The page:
From Gordhamer’s perspective, building mindfulness into your day doesn’t mean you have to change your daily activities. Simply practice mindfulness throughout the day. Be present no matter what you undertake. Check in with your state of mind every few hours. Ask yourself what you are feeling in that moment. Focus on your actions and what’s going on around you. Once you get used to checking in with your state of mind, you can more easily determine what your body needs. It sounds easy enough, but to keep true to this practice, you have to have intention.
Act with intention
Intention is the conscious choice of action. It means that you know what you’re choosing — and giving up — whenever you do something.
To illustrate this point, Gordhamer talked about visiting the Eiffel Tower this past summer. While he was there, many of the people around him were taking in the experience and enjoying it. But others were busy taking photos and videos, documenting their visit to the tower, instead of absorbing the magnificence of the building, the view of Paris and the human achievement the architecture represents.
“There’s a tendency in our culture to be so active documenting everything that we miss out on the experience,” he says. “We want to show people that we were at the Eiffel Tower, more than we want to experience what it means to be at the Eiffel Tower.”
That’s where intention comes in. Take one or two photos, and then put the camera away. Enjoy the sprawling landscape of the city of Paris below you with your eyes instead of through a camera lens. Breathe in the scents of Paris. Feel the cool wind on your cheek. Be in the place: the Eiffel Tower.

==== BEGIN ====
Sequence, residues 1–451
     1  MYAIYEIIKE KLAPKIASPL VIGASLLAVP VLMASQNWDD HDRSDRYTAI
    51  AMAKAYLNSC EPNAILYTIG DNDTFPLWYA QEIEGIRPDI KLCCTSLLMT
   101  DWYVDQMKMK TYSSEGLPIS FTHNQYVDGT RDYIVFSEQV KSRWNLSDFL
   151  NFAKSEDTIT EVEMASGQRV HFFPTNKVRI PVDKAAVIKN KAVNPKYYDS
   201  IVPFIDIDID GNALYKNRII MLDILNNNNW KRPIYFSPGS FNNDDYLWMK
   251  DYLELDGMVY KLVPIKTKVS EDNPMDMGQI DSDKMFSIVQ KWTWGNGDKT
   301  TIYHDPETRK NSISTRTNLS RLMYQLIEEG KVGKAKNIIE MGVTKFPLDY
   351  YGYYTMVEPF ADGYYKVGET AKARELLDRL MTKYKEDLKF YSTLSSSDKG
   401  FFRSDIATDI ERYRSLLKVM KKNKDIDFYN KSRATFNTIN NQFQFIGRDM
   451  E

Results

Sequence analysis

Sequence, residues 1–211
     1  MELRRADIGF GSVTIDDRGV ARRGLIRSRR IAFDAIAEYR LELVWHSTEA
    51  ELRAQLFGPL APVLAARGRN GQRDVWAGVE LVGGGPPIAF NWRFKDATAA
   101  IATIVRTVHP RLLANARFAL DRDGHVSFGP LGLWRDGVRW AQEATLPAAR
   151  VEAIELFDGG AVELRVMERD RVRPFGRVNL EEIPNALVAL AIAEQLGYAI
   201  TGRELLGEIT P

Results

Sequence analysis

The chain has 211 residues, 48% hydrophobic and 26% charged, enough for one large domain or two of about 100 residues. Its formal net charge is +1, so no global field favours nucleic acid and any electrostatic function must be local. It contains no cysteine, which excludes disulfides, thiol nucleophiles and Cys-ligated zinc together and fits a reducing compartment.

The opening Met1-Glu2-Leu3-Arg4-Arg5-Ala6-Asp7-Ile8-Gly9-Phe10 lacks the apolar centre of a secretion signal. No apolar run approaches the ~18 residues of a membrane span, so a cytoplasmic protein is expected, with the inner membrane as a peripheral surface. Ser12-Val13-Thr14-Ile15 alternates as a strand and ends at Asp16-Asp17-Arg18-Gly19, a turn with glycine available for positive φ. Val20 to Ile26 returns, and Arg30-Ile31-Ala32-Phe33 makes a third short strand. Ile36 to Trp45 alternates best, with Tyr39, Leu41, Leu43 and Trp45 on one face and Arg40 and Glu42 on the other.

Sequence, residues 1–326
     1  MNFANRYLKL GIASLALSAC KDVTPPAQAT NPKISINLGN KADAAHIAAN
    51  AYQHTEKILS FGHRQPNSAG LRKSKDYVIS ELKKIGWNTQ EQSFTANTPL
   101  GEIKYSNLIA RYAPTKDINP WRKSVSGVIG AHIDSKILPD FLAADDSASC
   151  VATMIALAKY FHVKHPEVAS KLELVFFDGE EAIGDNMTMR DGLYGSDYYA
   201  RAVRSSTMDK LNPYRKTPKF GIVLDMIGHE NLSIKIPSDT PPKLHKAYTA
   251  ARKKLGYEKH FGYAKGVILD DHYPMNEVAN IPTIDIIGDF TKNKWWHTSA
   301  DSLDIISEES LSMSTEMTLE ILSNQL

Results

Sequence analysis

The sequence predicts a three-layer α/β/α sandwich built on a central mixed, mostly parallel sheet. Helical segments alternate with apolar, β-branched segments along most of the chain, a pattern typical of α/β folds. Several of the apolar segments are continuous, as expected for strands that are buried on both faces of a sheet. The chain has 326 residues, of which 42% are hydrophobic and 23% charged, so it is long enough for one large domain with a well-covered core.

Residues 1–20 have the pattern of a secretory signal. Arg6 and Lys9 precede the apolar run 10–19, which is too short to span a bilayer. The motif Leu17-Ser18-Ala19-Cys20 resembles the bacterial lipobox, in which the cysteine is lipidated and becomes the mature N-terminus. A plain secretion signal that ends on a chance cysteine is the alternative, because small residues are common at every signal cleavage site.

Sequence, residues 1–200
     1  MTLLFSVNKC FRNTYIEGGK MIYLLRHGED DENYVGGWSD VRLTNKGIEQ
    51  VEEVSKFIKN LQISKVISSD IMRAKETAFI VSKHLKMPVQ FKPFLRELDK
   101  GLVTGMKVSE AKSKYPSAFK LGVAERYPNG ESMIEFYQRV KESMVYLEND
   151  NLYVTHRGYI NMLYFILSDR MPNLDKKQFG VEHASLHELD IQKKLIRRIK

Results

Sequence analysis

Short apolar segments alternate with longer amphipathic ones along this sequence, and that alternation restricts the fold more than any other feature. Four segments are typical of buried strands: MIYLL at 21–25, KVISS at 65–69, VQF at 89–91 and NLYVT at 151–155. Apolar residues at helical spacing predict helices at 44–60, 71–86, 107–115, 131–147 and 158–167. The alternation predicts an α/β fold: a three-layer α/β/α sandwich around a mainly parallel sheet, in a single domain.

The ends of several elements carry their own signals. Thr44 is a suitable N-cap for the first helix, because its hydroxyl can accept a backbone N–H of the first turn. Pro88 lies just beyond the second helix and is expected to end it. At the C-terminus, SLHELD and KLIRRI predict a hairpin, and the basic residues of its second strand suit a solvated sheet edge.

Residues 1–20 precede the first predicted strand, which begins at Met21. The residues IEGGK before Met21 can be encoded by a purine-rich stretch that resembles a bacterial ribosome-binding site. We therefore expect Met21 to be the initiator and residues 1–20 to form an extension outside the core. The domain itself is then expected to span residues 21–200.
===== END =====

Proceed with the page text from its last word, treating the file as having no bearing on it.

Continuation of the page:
It’s the same with human interactions, where relationships increasingly take place electronically instead of in person. Today, we pay for coffee or groceries with our phones or by sticking a credit card in a reader instead of looking a cashier in the eye and handing him or her money. When we’re in cafés, we look down at our devices instead of talking to the person across from us.
It takes intention to put human connection above all else and to put the phone away when you’re eating dinner with your family. When you’re texting someone, it takes intention to make plans to meet in person so you can talk face to face, instead of holding a conversation one line at a time. It’s easier to have compassion and empathy when you see your friend across from you. Following your intention also means not getting wrapped up in documenting the moment or playing a game.